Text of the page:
Caldecott Nursery and Community at Cartwright Gardens

 This article is a précis of selected statements out of four of the first five Annual Reports (the 2nd Report has still to be found); it outlines the progress from the original nursery school to the Boarding School status. In the photograph immediately below we have tentatively identified Phyllis Potter as third on the left at the top of the stairs, and Leila Rendel as far right. Who were the other adults? Who were the children? And who took the photograph? Where would the original glass plate negative be?



cartwright01The Caldecott Nursery began life on the 23rd of October 1911. Firstly managed by Leila Rendel and Phyllis Potter, shortly after that by a small Committee, and there-after by a Council of interested and influential 'friends and family'.

It started, for mornings only, in one borrowed room at 26 Cartwright Gardens, St Pancras, thanks to the generosity of the management of St Pancras Day Nursery and St Pancras Working Girls Club who normally occupied the building most of the day.

The nursery opened with an initial complement of 12 children (some from the overflow of the St Pancras Day Nursery). By the end of the first twelve months the membership had risen to thirty one children, and that made it necessary to take an extra room at No. 26. Later, with an expected further increase in children and no further space available at No. 26, the Directors took on a 3 year lease of the next door building No. 25 (previously run as a boarding house and accommodating a miscellany of mainly semi-professional medical workers and entertainment artists). This brave step was in spite of running costs being twice the expected income, a fact that must have put a significant pressure on 'friends' and family on whose good-will and generosity the Nursery depended.

westminster gazette 1913 07 09 p 06 


1913, the Nursery was to be opened both morning and afternoon, with an expected increase in numbers to about 40 children. The Nursery was staffed by voluntary 'teachers' and, in addition, the Directors managed to run a monthly Parents Meeting, as well as organising short country holidays for some of the children.

With running costs of around £200 p.a. and income at only £60 p.a. a strong personal appeal was made for additional funds, as well as furniture and clothing.

The newspaper cutting is from the Westminster Gazette, July 9, 2013, p. 6.



By end of 1914 a formal Constitution had been published, that declared the name of the organisation to be 'Caldecott Community' and one of its principles was to educate its children (now numbering 57 and a long waiting list) using 'none-collective teaching'.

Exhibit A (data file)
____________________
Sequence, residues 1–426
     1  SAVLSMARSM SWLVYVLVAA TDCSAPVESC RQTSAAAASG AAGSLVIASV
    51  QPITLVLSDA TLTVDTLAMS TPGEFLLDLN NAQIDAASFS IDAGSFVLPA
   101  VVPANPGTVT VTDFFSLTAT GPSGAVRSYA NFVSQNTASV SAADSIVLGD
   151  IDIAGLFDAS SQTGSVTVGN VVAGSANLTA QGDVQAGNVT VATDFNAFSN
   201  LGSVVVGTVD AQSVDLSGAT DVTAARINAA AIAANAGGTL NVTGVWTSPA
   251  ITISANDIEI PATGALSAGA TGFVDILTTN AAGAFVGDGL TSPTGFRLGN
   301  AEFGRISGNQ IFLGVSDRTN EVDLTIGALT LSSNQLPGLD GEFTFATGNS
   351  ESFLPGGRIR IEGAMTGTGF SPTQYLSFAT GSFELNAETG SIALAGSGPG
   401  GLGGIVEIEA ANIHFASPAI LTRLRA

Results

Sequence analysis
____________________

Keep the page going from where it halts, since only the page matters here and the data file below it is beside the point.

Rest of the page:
It further declared its aim to develop into a facility that included a Day School, a Mother's Club, a play-hour (after school), a Holiday School (to accommodate needy children during normal school holiday periods), and the provision of Country Holidays, medical inspections and daily dinners.

During this year, country holidays of one week were, indeed, arranged for many of the children, thanks to the efforts of Leila Rendel and Phyliss Potter in arranging suitable accommodation.

Also seen about this time were appeals for 'Hospitality' accommodation to cover periods of difficulty in maintaining child care, for some children, outside the normal function of the Community. An early example of the Director's breadth of vision.

The year was marked by the unfortunate death of a child. By all accounts a well-liked and intelligent child, Patsy Barkis age 7, was missed by all, and a small stone statue representing her was erected. (Efforts to find this statue have, not surprisingly, failed).



Moving into 1915: a Mothers Club was opened to encourage the co-operation of parents with the aims and activities of the Community. It met three times per week until the early war activities and fear of Zeppelin raids reduced the meetings to every Saturday.

Country holidays continued for about 40 children, thanks to the generosity of Mrs Wilhelm Rowntree who, not only loaned a pavilion in Yorkshire, but also paid the fares and provided liberal allowance for food and drink.

The running costs had, by now, increased to a reported £410 p.a. with an income of £110 p.a. but in spite of this mis-match plans were being laid to move to a larger property.

It was sadly recorded, that Edith Rendel, Leila's Aunt, and a staunch supporter of the Community, passed away in August 1915, aged 55.

In spite of this significant loss of support and, no doubt, practical help, the Directors continued with plans to move the Community. One obvious factor in this decision was the fear of war-damage (rightly so as Nos. 19-26 Cartwright Gardens received significant bomb damage); another was that the benefits of country living was evident on the children who managed to attend the country holidays; and finally a move became a necessity as the London Count Council had condemned No 25 Cartwright Gardens and declared it as unsuitable for use as a school.

Country summer holidays had continued, but now for a period of one month, the noted benefits to the children adding support to the Director's view that country living was of great benefit to the welfare of the children.

With no other suitable property to be found in the local area, the Community commenced negotiations to lease Beeleigh Abbey in Maldon, Essex. This failed to get to completion, but the Directors managed to secure a five year lease on an equally suitable property – Charlton Court, in East Sutton, Near Maidstone, Kent.



In June 1917, thirty children (twenty five from the original Nursery) took up residence in this fine country house where, in accordance with the Director's plans the Nursery School was to become a 'Boarding School for Working Parents children'.

Transcribed and Prepared by Bob Lawton, January 2016